All sorts of meanings have been read into the results of the midterm congressional elections. Here's one of my takeaway messages: Never forget the importance of sound symbolism in political rhetoric.
Just look at what President Obama has done for shellac lately.
Here's what he said in his Nov. 3 press conference, from the official White House transcript: "I'm not recommending for every future President that they take a shellacking like they – like I did last night. (Laughter.) I'm sure there are easier ways to learn these lessons."
The one-word instant quote out of all this was, of course, "shellacking." Note how subtly it was introduced, in a dependent clause uttered in reference to a vague "every future president," followed by a pause for parenthetical "laughter."
But note also how the press corps can sniff a headline out of all those complex sentences: "President admits to taking a 'shellacking.'"
Postpresidential biographies of Obama will, I predict, have index entries for "shellacking," and meanwhile, the word, often without quotes, is all over the Web as shorthand for "where the president is now." Shellacking is common in sports writing: Denver Broncos vs. Kansas City Chiefs, 49 to 29; Cleveland Browns vs. New England Patriots, 34-14, the Giants over the Rangers in the World Series, inter al.
Shellac as a noun meaning varnish goes back to the early 18th century. It began to be used as a verb about a century and a half later. The colloquial sense of "to beat soundly" dates to 1920, according to the Online Etymology Dictionary.
The usage is pretty familiar to Americans, less so to English speakers outside the United States.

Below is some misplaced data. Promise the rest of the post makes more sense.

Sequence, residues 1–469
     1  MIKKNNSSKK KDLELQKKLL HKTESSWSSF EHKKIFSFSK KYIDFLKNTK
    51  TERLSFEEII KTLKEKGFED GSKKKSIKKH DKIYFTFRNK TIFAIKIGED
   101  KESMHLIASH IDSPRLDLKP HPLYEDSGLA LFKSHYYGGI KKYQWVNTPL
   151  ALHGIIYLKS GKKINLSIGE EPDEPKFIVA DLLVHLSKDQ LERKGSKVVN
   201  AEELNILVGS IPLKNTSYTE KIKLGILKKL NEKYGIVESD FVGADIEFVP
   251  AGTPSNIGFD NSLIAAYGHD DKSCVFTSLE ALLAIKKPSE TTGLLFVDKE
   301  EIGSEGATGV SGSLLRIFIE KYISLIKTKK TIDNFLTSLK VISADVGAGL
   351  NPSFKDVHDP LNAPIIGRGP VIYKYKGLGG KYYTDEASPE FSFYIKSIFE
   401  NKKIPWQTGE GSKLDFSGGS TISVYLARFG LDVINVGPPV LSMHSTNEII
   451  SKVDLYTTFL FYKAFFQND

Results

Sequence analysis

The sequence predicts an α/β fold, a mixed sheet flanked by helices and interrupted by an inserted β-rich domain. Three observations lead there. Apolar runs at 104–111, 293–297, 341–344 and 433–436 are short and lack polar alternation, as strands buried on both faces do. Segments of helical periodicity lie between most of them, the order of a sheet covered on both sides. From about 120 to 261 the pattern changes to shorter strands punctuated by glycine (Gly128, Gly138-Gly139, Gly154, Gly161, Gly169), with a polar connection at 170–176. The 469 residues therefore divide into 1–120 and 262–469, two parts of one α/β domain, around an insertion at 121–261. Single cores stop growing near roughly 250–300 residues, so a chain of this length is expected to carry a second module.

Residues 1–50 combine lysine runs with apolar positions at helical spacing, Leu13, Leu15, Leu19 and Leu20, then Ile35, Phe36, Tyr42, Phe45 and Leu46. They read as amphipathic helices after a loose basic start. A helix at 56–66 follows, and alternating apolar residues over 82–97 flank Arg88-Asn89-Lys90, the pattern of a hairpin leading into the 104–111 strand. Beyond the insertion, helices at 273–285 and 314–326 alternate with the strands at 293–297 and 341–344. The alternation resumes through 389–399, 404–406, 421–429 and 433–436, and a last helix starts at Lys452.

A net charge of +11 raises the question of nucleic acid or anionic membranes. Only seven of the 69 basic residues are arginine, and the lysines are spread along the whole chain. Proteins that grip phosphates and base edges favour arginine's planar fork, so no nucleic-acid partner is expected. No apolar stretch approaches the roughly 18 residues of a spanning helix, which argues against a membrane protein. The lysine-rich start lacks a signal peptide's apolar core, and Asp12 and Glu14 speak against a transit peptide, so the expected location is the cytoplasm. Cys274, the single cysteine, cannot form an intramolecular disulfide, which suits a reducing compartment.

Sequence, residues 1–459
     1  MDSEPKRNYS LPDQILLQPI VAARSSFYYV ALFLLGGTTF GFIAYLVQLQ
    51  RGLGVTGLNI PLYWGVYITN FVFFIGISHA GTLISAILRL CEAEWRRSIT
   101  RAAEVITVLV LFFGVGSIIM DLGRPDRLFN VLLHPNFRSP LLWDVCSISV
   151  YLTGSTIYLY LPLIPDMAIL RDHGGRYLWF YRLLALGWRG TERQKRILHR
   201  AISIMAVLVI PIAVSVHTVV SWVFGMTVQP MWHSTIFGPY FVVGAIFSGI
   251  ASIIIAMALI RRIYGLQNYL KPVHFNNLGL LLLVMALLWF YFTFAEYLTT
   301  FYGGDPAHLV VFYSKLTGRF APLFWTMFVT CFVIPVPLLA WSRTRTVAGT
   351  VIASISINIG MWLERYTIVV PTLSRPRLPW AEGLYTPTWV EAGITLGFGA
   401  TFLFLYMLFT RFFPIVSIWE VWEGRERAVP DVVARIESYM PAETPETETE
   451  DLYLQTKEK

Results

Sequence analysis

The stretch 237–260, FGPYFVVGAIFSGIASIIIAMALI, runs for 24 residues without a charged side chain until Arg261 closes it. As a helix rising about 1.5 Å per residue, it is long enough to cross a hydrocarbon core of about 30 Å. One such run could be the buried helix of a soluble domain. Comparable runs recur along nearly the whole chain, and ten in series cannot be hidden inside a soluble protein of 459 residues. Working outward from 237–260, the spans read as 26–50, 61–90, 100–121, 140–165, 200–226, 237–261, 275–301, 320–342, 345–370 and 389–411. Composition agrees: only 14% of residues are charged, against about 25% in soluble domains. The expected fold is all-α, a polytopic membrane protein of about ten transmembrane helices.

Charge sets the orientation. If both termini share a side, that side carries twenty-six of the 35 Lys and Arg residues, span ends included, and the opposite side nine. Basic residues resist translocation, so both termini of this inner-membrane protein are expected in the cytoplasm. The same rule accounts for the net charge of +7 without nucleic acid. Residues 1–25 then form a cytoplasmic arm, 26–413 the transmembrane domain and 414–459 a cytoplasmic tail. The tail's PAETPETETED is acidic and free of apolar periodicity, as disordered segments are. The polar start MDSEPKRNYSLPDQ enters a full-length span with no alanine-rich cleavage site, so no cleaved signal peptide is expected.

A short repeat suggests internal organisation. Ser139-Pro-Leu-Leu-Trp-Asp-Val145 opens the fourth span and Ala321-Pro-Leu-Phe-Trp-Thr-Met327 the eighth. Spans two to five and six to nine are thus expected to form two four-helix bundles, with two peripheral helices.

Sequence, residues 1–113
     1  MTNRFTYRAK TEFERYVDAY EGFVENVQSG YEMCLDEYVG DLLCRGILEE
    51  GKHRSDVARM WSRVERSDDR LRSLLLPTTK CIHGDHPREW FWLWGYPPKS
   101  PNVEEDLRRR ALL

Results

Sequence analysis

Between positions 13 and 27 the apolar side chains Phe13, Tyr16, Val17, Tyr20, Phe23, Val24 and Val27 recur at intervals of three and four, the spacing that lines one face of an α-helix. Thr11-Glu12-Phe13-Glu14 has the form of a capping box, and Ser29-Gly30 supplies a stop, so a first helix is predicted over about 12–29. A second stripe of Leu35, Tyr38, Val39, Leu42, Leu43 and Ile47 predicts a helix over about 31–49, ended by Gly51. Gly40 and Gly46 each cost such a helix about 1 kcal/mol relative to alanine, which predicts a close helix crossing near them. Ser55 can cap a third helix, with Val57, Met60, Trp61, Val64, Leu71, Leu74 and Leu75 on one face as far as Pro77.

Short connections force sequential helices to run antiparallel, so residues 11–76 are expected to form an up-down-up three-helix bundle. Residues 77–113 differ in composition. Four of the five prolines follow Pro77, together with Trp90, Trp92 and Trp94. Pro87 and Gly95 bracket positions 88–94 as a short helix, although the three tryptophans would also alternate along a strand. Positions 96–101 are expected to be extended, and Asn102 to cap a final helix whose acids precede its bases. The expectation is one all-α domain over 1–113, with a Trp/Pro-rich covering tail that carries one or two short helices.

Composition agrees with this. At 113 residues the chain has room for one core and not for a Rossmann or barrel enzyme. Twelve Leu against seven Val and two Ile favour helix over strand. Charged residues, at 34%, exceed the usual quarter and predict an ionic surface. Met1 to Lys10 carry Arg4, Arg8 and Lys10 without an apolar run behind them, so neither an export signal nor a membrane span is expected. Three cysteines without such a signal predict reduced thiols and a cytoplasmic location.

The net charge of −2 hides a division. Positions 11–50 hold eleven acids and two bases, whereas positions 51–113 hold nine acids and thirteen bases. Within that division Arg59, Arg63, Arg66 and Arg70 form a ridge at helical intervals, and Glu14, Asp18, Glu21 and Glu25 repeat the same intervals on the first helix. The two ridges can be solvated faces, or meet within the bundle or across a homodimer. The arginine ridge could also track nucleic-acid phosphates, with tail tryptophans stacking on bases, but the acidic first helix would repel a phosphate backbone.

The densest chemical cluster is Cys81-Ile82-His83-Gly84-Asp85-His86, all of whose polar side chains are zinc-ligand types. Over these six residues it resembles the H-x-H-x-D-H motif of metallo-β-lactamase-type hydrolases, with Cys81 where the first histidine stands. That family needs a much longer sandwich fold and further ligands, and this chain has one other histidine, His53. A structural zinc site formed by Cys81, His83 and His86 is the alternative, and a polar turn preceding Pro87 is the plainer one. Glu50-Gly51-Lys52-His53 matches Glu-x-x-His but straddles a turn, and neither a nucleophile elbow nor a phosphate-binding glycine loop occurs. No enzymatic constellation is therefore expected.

The BBC Magazine devoted an entire article to Mr. Obama's curious idiom. The piece was illustrated with a photo of a traditional cabinetmaker at work with a caption reading, "Shellacking: This man is giving it rather than taking it."
But as The Economist's language blog, "Johnson," noted, in a post playfully titled "I'll give you a good varnishing," furnituremaking is an odd source of metaphor here. And how did shellac, and not some related word from the world of cabinetry, get tied up with crushing defeat, at the ballot box or on the ball field? The fellow in the Beeb's photo does not, after all, look very scary.
"Johnson" offers an explanation that sounds good to me:
I'm going to hazard a guess that it owes its new meaning to some kind of loose free-associative aural adaptation: it sounds like both "shelling" and "whacking," or even more loosely, it contains a satisfying rhythm of sharp-sounding consonants, and thus wound up being used in the sense of destruction because it "sounded right."
One can argue that by describing his party's defeat as a "shellacking," Obama described the situation as worse than it is to make the reality seem less awful by comparison.
After all, one can be "soundly beaten," or, to use President George W. Bush's term under similar circumstances, "thumped," and still rebound. That's not possible to whatever gets literally shellacked. A tree cut down and made into a piece of furniture is not going to start growing again.
On the other hand, it may be apt that a president known as a gifted orator turned, in his time of defeat, to an idiom derived from notions of "polish."